Union Provost Marshal Database Now Online

Tuesday, November 19, 2013

Details about life in Tennessee during the Civil War are emerging through a new project of the Tennessee State Library and Archives (TSLA). Archivists and volunteers at TSLA have created an online database of records from provost marshals, who served as military police for the Union Army during the war.

The TSLA Union Provost Marshal Database will be of great benefit to genealogists, historians, and others who can learn fascinating details about what people’s lives were like during the Civil War. These records provide valuable information related to many Tennesseans - not only soldiers but also ordinary men and women caught in the turmoil of war. They include correspondence, oaths of allegiance, orders, passes, transportation permits, lists of prisoners, paroles, provost court papers, and claims for compensation for property used or destroyed by military forces.

These War Department records dating from 1861 to 1867 were originally microfilmed by the National Archives and Records Administration. Since 2011, TSLA staff members, with the help of volunteers Cinnamon Collins and Shirley Wilson, have been scanning documents that relate to Tennesseans during the war and entering those documents into the database with the goal of creating a fully searchable online database for the Tennessee portion of these records. Those documents are now available online at http://www.tnsos.net/TSLA/provost/index.php.

"This online database of provost marshal records is a terrific tool for genealogists and other researchers," Secretary of State Tre Hargett said. "Making this information available on the Internet is part of an ongoing effort by our office to make more resources readily available to our customers, the citizens of Tennessee."


Signal Mountain Genealogical Society Meeting August 2

The Signal Mountain Genealogical Society will meet on Tuesday, August 2, 2016, at the Walden Town Hall, 1836 Taft Highway.  The meeting will begin at 1:00 pm with refreshments followed by a business meeting and the program for the month. For this month's program, Jim Douthat will speak on The Trail of Tears. Visitors are welcome at our meeting. Please feel free ... (click for more)

Help Needed In Identifying Goodman Family Photo

I am currently researching a set of glass plate negatives taken over 100 years ago in and around Chattanooga. Many photos have been identified, yet many remain unknown in location and subjects. Several photos were taken within walking distance of the likely photographer’s home on Payne Street (now Battery Place). This included the 700 block of East 4th Street. At 710 ... (click for more)

Nashville Man Arrested By TBI For Trafficking 12-Year-Old Texas Girl For Sex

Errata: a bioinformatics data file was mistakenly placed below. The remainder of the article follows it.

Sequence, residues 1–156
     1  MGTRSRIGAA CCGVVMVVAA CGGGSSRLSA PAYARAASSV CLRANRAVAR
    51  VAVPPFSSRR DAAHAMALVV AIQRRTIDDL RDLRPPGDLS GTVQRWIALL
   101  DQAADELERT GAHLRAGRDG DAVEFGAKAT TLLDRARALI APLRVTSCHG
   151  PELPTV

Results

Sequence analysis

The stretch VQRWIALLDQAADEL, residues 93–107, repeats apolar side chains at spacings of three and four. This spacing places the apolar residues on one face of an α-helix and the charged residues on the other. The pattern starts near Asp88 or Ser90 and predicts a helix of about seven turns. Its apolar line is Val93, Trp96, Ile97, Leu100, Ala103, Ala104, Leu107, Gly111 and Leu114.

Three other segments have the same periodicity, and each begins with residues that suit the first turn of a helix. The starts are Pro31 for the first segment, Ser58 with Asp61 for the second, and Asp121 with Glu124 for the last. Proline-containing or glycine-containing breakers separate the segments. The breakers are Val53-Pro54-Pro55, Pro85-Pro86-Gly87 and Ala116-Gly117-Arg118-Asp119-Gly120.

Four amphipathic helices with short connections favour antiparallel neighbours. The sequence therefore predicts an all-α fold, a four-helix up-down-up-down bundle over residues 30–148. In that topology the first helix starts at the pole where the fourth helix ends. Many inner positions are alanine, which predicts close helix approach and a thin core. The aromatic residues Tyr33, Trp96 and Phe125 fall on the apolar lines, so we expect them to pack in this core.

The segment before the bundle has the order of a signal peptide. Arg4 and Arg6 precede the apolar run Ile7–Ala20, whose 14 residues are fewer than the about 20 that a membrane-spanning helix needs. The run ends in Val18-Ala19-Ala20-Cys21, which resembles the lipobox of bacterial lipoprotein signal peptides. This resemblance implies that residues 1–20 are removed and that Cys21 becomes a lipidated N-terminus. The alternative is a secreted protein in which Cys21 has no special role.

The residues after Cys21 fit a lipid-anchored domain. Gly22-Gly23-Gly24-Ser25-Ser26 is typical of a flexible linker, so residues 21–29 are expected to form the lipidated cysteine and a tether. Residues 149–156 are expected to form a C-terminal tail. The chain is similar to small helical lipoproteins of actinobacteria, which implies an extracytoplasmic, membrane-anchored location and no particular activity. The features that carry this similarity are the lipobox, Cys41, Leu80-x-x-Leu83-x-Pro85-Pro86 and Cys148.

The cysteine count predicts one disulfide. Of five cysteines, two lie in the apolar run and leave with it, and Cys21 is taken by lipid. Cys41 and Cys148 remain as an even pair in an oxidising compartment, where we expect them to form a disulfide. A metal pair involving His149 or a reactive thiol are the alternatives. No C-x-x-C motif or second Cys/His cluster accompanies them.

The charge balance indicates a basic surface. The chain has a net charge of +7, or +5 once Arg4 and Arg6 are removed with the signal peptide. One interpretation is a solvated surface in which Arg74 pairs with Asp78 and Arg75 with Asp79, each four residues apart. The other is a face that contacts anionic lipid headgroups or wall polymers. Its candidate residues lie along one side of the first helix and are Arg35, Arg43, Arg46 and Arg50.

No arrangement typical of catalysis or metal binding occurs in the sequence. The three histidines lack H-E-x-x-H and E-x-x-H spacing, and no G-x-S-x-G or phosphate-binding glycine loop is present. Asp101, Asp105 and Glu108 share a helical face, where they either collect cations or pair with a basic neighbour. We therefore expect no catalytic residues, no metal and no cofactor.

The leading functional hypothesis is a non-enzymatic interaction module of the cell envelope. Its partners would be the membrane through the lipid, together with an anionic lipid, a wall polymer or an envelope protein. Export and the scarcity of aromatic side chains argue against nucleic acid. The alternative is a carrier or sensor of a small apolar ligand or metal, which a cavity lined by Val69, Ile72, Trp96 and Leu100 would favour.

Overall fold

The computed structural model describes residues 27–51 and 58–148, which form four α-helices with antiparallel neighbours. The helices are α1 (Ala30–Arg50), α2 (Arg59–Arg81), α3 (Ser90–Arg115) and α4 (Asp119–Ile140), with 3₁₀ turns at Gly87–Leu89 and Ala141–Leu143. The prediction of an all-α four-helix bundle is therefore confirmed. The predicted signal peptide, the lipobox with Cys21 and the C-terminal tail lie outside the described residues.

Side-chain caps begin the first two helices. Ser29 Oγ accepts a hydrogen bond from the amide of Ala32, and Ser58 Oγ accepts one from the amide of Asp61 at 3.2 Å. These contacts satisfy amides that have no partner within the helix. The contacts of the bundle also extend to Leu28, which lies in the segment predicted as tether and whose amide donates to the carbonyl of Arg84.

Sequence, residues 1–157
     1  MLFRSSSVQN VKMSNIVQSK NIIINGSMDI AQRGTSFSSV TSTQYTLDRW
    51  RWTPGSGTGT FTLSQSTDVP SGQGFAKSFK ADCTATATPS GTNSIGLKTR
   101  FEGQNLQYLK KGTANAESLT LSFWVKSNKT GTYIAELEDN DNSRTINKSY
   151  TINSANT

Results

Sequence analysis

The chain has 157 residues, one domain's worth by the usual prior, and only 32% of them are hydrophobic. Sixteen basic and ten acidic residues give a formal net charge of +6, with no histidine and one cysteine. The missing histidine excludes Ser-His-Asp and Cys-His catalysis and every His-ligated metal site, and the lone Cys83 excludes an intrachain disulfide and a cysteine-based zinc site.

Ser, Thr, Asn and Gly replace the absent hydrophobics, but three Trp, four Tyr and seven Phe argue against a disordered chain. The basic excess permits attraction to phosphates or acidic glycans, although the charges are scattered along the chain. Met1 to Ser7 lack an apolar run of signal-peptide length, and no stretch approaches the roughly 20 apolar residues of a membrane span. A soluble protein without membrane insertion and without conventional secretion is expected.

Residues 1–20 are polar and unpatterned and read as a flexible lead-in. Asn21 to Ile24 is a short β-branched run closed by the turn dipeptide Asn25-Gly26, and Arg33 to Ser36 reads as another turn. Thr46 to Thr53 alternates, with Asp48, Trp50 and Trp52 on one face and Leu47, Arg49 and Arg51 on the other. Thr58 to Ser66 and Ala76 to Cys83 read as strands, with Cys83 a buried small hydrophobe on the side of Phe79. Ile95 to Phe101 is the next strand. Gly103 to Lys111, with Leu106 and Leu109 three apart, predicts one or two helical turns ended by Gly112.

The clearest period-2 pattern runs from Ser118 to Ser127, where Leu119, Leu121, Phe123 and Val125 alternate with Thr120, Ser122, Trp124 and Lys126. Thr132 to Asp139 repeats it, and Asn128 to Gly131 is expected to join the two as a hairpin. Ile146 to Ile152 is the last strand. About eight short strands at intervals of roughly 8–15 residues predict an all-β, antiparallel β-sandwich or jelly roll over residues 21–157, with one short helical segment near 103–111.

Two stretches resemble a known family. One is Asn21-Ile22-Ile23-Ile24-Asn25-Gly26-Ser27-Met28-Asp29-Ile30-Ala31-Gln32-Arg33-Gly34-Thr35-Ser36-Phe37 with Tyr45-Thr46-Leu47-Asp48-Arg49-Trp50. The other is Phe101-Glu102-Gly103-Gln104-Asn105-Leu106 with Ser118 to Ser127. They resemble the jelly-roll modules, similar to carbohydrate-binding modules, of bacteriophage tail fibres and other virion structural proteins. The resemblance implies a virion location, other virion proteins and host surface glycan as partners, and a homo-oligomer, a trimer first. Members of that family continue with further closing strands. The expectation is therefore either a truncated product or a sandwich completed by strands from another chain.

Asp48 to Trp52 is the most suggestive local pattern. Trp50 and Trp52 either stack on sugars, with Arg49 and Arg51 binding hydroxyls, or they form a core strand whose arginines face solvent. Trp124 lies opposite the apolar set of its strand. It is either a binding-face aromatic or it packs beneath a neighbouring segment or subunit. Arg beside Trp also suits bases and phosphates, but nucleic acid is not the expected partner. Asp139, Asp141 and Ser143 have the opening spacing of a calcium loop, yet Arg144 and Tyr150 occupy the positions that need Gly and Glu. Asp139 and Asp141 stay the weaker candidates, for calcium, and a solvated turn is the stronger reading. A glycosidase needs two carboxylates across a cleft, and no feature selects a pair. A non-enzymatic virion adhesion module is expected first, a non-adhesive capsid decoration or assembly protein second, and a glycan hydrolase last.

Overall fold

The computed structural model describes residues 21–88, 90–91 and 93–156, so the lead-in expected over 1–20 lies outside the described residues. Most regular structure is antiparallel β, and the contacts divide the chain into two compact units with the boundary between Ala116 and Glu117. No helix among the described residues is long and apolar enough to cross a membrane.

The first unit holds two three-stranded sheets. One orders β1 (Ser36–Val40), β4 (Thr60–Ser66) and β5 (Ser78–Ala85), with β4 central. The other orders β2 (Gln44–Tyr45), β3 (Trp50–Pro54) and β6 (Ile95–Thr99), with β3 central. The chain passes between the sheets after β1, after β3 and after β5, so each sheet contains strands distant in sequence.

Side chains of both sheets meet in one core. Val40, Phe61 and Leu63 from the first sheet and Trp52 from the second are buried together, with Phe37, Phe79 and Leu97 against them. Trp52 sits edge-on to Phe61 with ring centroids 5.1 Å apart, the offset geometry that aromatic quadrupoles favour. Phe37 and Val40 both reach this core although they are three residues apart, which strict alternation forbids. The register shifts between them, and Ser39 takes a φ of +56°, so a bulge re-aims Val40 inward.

Special Agents in the Tennessee Bureau of Investigation’s Human Trafficking Unit, working alongside local and federal partners, have arrested and charged a Nashville man accused of trafficking a 12-year-old from Texas for the purposes of commercial sex. On Friday evening, the TBI received information from the U.S. Marshals Service about the possible whereabouts of a Texas ... (click for more)

Michael Ford Sentenced To More Than 13 Years In Prison On Drug Charges

Michael Shawn Ford has been sentenced to 13 and a half years in prison on drug charges. On April 20, 2105, Ford was arrested at his house in East Ridge. Police found him hiding in the closet with a laundry bag which contained a loaded pistol and 7.9 grams of crystal meth. Officers said that two backpacks were found in the same bedroom, one with 257.3 grams of crystal meth ... (click for more)

Olympic Events On The Ocoee River Made History – But It Wasn’t Easy

It started with a simple “what if” question while Atlanta officials were working on a bid to host the 1996 Summer Olympic Games.  A group of amateur kayakers from the city began asking themselves: “What if Atlanta’s bid is successful? Then where would the Olympic whitewater canoe and kayak races be held?”  To some of the members of that group, the answer was obvious. ... (click for more)

Roy Exum: Don’t Kick A Man’s Neck

From the minute my brothers and I each became cognizant, my dad started teaching us the rules of becoming a man. Dad was from deep in Mississippi and he’d been taught a lot of life’s secrets from his father. These lessons have been passed for generations and, the older I have become, I’m convinced a lot of them were borne from The Sermon on the Mount. Our favorite, back in the ... (click for more)